As the life expectancy is increasing, there is a rise in elderly population and consequent increase in the patients with renal disease. There is an inconsistency between clinical and histopathological diagnosis in elderly, and so renal biopsy is important in these patients to decide appropriate clinical management and prognosis. This study outlines the importance of renal biopsy in elderly and describes the clinical and pathologic spectrum of renal diseases in patient ≥60 years. All patients (age ≥60 years) undergoing renal biopsies from January 2011 to December 2014 were included in this retrospective study. The clinical presentation and biochemical findings were recorded, and the patients were grouped based on their clinical presentation. Renal biopsies were also evaluated. The mean age of patients was 67.7 ± 6.4 years with a male:female ratio of 3:1. The most common clinical manifestation was nephrotic syndrome (37.4%) followed by rapidly progressive renal failure (RPRF) (20.6%). Amyloidosis and membranous nephropathy were two most common diagnoses in patients with nephrotic presentation whereas pauci-immune crescentic glomerulonephritis and cast nephropathy were common in patients presenting with RPRF. Clinical diagnosis differed from the histopathological diagnosis in 32% cases of nephrotic syndrome. There was good agreement between clinical diagnosis and histology in cases with RPRF. In 73% cases of elderly with (Type II) diabetes suspected of having nondiabetic renal disease clinically, renal biopsy showed evidence of diabetic nephropathy. Renal biopsy is essential in the diagnosis of renal diseases even in elderly. Amyloidosis and membranous nephropathy are common causes of nephrotic syndrome in elderly. Renal biopsy is very useful in diagnosing cast nephropathy and amyloidosis as they are not suspected clinically. It is also helpful in elderly diabetics without retinopathy to differentiate between diabetic and nondiabetic kidney diseases.
- Newly designed 11-gene panel reveals first case of hereditary amyloidosis captured by massive parallel sequencing. [Journal Article]
- JCJ Clin Pathol 2018 Feb 17
- CONCLUSIONS: We report one positive case of hereditary amyloidosis in a cohort of patients with hypertrophic cardiomyopathy of unknown significance and set up first panel for NGS in hereditary amyloidosis. This work may facilitate successful implementation of the NGS method by other researchers or clinicians and may improve the diagnostic process after validation.
- Daratumumab resistance is frequent in advanced stage multiple myeloma patients irrespectively of CD38 expression, and is related to dismal prognosis. [Journal Article]
- EJEur J Haematol 2018 Feb 17
- CONCLUSIONS: Responses to daratumumab and combinations in patients with advanced MM, particularly with extramedullary disease, are low and short lived, stressing the administration of this agent should be early in the course of the disease. This article is protected by copyright. All rights reserved.
- Boundaries between familial Mediterranean fever and juvenile spondyloarthritis: Analysis of three French retrospective cohorts. [Journal Article]
- JBJoint Bone Spine 2018 Feb 13
- CONCLUSIONS: Familial Mediterranean fever may be associated with typical pattern of juvenile spondyloarthritis. These patients, with less response to colchicine, should be diagnosed earlier and treated as for jSpA.
- Recurrent fever and arthralgia as the presentation of tumor necrosis factor receptor-associated periodic syndrome (TRAPS) in a Chinese girl: a case report and review of the literature. [Review]
- CRClin Rheumatol 2018 Feb 15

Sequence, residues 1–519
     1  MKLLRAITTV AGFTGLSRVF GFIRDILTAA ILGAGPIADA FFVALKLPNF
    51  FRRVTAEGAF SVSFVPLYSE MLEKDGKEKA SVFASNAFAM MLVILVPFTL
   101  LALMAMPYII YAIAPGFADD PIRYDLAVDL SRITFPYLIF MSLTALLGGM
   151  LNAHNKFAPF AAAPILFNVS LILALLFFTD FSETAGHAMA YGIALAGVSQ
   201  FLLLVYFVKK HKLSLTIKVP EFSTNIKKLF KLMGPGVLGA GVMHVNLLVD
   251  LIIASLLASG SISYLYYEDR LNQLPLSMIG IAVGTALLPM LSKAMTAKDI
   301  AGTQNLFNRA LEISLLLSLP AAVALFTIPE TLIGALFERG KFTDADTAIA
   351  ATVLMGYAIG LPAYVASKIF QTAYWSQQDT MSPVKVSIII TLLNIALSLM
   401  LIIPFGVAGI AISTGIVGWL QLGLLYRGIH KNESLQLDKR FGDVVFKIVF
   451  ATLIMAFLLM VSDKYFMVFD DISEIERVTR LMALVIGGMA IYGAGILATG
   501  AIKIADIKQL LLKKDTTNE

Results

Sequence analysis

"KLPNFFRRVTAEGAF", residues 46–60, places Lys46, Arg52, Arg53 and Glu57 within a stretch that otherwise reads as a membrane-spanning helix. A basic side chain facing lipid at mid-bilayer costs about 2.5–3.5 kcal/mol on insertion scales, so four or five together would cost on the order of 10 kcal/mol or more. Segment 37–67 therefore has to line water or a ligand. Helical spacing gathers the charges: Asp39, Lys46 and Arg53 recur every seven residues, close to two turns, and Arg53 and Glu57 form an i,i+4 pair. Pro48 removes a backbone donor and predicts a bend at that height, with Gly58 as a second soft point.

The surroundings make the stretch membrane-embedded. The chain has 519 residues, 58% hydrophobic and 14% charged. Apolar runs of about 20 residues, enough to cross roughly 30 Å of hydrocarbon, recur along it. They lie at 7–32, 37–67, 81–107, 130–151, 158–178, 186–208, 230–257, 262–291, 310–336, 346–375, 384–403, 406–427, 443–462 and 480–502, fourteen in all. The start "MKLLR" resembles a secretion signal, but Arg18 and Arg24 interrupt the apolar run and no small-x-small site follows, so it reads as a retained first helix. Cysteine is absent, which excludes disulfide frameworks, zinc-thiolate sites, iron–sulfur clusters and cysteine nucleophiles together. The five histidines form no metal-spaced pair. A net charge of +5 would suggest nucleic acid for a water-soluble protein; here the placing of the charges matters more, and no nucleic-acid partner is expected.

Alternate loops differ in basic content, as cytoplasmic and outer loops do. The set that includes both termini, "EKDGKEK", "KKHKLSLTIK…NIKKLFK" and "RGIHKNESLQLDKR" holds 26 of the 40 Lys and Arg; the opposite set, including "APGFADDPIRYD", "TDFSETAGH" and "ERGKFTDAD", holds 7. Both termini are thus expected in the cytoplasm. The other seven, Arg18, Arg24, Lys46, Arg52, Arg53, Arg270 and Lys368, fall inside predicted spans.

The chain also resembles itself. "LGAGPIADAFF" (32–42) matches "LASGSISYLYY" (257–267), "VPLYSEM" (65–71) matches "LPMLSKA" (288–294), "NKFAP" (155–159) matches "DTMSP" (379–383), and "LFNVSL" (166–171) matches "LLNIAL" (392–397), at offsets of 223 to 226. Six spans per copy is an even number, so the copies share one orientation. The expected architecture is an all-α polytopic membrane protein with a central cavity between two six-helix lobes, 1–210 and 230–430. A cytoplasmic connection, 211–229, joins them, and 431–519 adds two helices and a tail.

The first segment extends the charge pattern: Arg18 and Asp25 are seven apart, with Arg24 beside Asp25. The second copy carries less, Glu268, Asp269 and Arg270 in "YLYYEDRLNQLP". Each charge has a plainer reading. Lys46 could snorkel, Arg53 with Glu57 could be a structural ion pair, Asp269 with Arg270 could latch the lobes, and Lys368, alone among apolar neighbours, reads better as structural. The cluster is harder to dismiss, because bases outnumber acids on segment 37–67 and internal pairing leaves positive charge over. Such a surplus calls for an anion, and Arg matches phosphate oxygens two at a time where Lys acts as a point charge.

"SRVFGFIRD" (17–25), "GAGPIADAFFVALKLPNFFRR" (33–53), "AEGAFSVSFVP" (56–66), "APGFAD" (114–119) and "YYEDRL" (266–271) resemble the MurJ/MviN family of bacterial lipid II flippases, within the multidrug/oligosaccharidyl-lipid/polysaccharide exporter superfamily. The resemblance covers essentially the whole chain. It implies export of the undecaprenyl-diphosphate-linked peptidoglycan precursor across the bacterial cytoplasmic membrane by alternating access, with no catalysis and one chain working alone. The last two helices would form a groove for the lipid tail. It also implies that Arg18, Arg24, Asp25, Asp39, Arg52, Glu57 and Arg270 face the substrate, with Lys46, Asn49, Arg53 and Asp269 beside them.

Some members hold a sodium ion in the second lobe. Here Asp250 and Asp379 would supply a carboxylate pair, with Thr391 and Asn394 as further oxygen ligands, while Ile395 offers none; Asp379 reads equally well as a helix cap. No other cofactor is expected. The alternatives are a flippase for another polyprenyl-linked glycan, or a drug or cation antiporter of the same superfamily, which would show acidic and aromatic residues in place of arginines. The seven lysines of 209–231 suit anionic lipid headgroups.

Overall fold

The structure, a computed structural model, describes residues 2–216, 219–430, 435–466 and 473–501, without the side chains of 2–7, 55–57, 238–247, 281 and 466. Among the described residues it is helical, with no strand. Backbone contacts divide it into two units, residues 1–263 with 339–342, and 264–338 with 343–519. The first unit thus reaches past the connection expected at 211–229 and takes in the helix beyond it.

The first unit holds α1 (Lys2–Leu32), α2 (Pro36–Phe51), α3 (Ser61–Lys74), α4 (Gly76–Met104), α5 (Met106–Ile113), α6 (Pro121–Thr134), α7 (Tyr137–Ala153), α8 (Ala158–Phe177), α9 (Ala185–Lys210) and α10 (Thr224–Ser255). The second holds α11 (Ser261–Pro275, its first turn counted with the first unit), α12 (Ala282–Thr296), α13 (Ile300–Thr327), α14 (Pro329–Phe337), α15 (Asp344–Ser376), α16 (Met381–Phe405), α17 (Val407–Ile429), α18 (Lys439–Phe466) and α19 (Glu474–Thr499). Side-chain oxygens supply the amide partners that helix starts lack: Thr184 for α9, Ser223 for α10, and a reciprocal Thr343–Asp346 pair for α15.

- Tumor necrosis factor receptor-associated periodic syndrome (TRAPS) is characterized by recurrent episodes of inflammation with fever, abdominal pain, chest pain, rash, myalgia, arthralgia, conjuncti...
Tumor necrosis factor receptor-associated periodic syndrome (TRAPS) is characterized by recurrent episodes of inflammation with fever, abdominal pain, chest pain, rash, myalgia, arthralgia, conjunctivitis, and periorbital edema. This condition is a rare autosomal dominant disease that is strongly associated with heterozygous mutations in the tumor necrosis factor (TNF) receptor super family 1A (TNFRSF1A) gene. This condition is believed to be more common in Western countries than in Asian countries, and the AA amyloidosis rate for European countries is estimated to be 10%. Herein, we report the case of a 14-year-old girl with recurrent fever and arthralgia with inflammatory marker elevation for 10 years. After extensive investigation of the infectious etiology with negative results and similar phenomenon observed within her family, the diagnosis of TRAPS was made based on next-generation sequencing, which revealed a T50M mutation; she was also sensitive to corticosteroids. Although none of our TRAPS patients developed AA amyloidosis, we suggest the continual monitoring of urinalysis results and serum amyloid A concentrations during long-term follow-up. Moreover, we also reviewed the related literature and found no Asian patients who had developed AA amyloidosis.
- Canakinumab treatment in children with familial Mediterranean fever: report from a single center. [Journal Article]
- RIRheumatol Int 2018 Feb 15
- Familial Mediterranean fever (FMF), the most common hereditary autoinflammatory disorder is characterized by recurrent episodes of fever, serositis, arthritis. The major long-term result is amyloidos...
Familial Mediterranean fever (FMF), the most common hereditary autoinflammatory disorder is characterized by recurrent episodes of fever, serositis, arthritis. The major long-term result is amyloidosis. Colchicine remains the principle of the treatment; it not only prevents the acute attacks but also prevents the long-term complications such as amyloidosis; 5-10% of the patients are unresponsive to treatment. Recently new therapeutic options as anti-interleukin 1 agents are successfully used for the patients who do not respond to colchicine treatment. In this study, we retrospectively evaluated 11 pediatric colchicine-resistant FMF patients who were treated with canakinumab. Three of the patients had amyloidosis and two had uveitis. Based on our results, we suggest that canakinumab may be a safe and effective therapy in patients who are resistant to colchicine and even in the patients with amyloidosis. We also suggest that canakinumab might be a safe option for the patients with uveitis.
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- Serum Transthyretin: Predictor of Amyloidosis Outcomes? [Editorial]
- CHCirc Heart Fail 2018; 11(2):e004802